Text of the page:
to a loss of some six per cent in body weight for a man or woman
of average height with a body mass index of 30"
TOAST recognises the health benefits of a 5kg loss. However,
we agree with the government's National Service Framework for
CHD statement, ". . . but the goal which patients should
be encouraged to aim is still a BMI in the average range".
One of the disadvantages of only focusing on the benefits
of a small weight loss is that it becomes the expected norm. We
must continue to find ways of helping individuals to reach and
maintain an even healthier weight. The health benefits increase
as the weight loss increases.
Identifying the overall cost of obesity is very different
from identifying what is currently being spent. The Report itself
acknowledges its underestimation of the costs of obesity. The
cost is probably around 2 billion, yet the NHS is only spending
Obesity! A complex problem
With many routes to becoming obese it seems realistic to
assume that "one size fits all" is not a useful approach
for treatment. One obese person may, for example, simply need
more knowledge about low fat eating, another may be a dieting
expert full of facts and figures but be unable to motivate her/himself
to put that knowledge into action. There are many influences on
an individual's obesity development. A fundamental flaw in the
government department system is the lack of attention paid to
psychology and emotional well being.
Too big a problem for the NHS to cope with alone
With 25 per cent of the population obese, Primary Care Teams
cannot deal with the problem alone. Any effective public health
strategy must recognise the wide range of factors that contribute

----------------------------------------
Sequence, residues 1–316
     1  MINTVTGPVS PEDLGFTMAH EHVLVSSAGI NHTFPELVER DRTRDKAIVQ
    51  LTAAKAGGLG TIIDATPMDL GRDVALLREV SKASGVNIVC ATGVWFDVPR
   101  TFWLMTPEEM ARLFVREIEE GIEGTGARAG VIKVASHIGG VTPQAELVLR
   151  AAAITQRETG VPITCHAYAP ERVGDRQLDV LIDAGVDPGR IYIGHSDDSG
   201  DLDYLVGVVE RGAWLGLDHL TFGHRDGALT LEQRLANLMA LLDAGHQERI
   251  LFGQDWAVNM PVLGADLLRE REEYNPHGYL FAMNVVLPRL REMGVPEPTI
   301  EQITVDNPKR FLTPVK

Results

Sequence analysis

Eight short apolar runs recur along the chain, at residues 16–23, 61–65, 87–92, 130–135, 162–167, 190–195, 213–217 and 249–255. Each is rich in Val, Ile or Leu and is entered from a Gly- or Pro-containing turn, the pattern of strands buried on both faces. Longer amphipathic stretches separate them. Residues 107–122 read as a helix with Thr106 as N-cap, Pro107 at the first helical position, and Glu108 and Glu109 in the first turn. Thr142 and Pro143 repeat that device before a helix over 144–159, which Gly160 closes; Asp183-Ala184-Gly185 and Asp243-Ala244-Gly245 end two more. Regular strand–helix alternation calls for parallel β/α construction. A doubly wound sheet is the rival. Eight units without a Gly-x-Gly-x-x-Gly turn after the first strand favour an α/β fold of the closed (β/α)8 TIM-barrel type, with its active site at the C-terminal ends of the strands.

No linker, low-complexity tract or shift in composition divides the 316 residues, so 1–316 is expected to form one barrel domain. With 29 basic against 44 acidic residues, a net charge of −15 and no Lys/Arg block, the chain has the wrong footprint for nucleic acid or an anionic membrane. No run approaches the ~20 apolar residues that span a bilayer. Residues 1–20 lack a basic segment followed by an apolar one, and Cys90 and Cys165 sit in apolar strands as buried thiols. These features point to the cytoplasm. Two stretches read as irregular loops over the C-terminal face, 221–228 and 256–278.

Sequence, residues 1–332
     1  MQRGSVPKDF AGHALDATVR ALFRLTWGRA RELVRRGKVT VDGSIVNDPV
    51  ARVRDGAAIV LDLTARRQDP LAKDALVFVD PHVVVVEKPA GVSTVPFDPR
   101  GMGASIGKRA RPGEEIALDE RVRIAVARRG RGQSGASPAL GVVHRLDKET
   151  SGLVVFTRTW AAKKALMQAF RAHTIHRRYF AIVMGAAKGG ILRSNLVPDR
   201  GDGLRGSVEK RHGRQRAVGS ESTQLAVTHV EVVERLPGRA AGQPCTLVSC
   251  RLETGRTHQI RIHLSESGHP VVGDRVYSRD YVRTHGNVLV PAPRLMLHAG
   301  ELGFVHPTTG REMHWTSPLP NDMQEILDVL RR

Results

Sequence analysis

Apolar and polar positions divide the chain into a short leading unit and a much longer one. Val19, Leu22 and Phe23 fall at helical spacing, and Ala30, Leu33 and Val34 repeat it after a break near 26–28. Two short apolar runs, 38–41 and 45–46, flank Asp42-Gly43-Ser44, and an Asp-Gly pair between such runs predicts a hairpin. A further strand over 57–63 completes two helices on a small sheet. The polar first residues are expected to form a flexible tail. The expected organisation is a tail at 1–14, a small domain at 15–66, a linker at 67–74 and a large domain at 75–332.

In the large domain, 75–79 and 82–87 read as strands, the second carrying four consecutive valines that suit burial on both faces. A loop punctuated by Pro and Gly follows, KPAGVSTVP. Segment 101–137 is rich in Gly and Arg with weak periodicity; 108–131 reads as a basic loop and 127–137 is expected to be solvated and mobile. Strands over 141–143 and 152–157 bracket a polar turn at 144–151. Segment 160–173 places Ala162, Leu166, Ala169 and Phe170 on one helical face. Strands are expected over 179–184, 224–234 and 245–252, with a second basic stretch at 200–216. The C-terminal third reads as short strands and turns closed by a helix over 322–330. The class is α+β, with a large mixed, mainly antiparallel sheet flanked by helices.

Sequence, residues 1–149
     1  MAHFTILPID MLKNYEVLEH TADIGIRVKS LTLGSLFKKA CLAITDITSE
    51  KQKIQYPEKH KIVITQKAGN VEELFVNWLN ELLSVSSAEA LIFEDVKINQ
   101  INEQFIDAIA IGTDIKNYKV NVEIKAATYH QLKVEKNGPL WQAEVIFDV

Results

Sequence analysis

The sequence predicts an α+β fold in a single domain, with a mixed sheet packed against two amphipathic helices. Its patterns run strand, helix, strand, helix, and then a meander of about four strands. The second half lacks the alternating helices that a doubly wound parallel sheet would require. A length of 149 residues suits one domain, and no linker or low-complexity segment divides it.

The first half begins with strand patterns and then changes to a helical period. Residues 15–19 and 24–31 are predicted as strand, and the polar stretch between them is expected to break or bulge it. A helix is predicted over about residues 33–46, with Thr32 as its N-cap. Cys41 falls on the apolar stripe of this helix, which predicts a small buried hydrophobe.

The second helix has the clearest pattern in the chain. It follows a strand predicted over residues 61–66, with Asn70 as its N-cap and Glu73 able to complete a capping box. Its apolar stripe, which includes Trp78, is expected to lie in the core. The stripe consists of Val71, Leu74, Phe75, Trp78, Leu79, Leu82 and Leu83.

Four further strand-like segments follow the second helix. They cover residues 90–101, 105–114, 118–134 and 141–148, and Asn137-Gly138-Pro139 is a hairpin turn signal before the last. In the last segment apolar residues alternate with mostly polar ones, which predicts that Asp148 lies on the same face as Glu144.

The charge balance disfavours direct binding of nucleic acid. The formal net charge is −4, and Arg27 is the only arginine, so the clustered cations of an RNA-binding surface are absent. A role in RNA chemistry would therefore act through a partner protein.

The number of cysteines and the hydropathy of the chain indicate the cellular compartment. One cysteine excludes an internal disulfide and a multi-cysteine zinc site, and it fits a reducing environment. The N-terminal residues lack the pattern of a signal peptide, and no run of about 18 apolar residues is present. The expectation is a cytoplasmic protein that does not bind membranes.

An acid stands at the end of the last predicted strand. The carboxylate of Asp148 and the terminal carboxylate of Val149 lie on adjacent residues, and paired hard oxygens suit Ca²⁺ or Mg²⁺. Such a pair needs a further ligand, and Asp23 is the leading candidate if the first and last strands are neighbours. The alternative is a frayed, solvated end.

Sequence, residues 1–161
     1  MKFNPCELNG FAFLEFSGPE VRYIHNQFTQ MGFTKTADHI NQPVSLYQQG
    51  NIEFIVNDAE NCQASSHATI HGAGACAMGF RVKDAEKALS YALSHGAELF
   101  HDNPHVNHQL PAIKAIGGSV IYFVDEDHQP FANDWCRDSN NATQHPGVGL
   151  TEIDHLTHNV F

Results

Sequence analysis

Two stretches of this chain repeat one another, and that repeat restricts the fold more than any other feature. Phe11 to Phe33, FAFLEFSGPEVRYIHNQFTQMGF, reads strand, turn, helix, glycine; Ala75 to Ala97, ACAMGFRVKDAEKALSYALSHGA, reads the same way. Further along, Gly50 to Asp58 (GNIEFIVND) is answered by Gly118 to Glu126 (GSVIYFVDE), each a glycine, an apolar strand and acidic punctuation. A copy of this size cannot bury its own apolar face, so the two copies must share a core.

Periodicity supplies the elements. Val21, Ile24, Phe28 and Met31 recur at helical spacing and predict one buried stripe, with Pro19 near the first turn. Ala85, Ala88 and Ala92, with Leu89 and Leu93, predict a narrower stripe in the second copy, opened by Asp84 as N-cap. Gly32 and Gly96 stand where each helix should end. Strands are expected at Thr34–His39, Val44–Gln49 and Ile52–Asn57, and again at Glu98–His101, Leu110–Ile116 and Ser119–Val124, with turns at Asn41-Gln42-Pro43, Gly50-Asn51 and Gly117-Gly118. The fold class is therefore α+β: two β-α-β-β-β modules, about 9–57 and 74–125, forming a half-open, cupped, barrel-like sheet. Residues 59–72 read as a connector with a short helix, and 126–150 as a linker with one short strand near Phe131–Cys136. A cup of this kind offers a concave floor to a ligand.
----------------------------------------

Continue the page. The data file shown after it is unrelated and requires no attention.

to the problem and provide for a range of solutions open to individuals
including, but not limited to:
Conventional dietary advice
Behavioural change, including exercise
Counsellingeg cognitive behavioural therapy
Nutritionally assured formula foods including very low calorie
diets and other meal replacement programmes
Medical interventioneg medication, surgery
There is a need for a new type of health professional to
specialise in obesity management.
What can we learn from others?
Within geriatric care the NHS and the commercial sector work
together; the NHS frequently treats medical symptoms and the commercial
sector frequently provides other care.
Treatment programmes for addictive behaviours provide motivation
for change and long term support. Many work with groups, which
have been shown to be effective, and are good use of the professional's
Training programmes used by industry and the public sector
aim to help people change attitudes, motivate themselves and work
towards achieving their and their organisations goals. They are
the culmination of decades of research into understanding these
The Health Education Authority's "Lifesaver" quit
smoking programme has provided varied support for those wishing
to stop smoking ranging from a screensaver"Smoking:
don't give up giving up" to a national media campaign.
The "whole practice" approach is a good method
of using skills and resources.
There is a need to co-ordinate initiatives including NHS,
policy makers, the food industry, slimming industry, Advertising
Standards Authority and other campaigns.
Promoting a healthy school environment, healthy travel to
school, sport and physical recreation in schools and healthy eating
in schools and, importantly, not forgetting bullying and the psychological
well being of the already obese child.
The message that the government puts out needs to be simple.